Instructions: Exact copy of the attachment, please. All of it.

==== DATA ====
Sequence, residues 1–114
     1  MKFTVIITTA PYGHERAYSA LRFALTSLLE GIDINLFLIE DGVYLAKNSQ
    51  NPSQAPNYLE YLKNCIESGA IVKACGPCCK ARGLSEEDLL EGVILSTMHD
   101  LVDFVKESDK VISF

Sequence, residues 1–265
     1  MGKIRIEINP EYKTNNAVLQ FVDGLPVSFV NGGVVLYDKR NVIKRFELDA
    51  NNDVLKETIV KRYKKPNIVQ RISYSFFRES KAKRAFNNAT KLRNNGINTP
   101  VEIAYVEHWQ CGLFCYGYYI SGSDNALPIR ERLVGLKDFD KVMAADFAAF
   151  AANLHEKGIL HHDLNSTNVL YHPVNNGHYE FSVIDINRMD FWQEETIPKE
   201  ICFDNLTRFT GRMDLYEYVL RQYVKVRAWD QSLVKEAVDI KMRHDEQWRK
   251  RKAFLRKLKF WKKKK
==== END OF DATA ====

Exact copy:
Sequence, residues 1–114
     1  MKFTVIITTA PYGHERAYSA LRFALTSLLE GIDINLFLIE DGVYLAKNSQ
    51  NPSQAPNYLE YLKNCIESGA IVKACGPCCK ARGLSEEDLL EGVILSTMHD
   101  LVDFVKESDK VISF

Sequence, residues 1–265
     1  MGKIRIEINP EYKTNNAVLQ FVDGLPVSFV NGGVVLYDKR NVIKRFELDA
    51  NNDVLKETIV KRYKKPNIVQ RISYSFFRES KAKRAFNNAT KLRNNGINTP
   101  VEIAYVEHWQ CGLFCYGYYI SGSDNALPIR ERLVGLKDFD KVMAADFAAF
   151  AANLHEKGIL HHDLNSTNVL YHPVNNGHYE FSVIDINRMD FWQEETIPKE
   201  ICFDNLTRFT GRMDLYEYVL RQYVKVRAWD QSLVKEAVDI KMRHDEQWRK
   251  RKAFLRKLKF WKKKK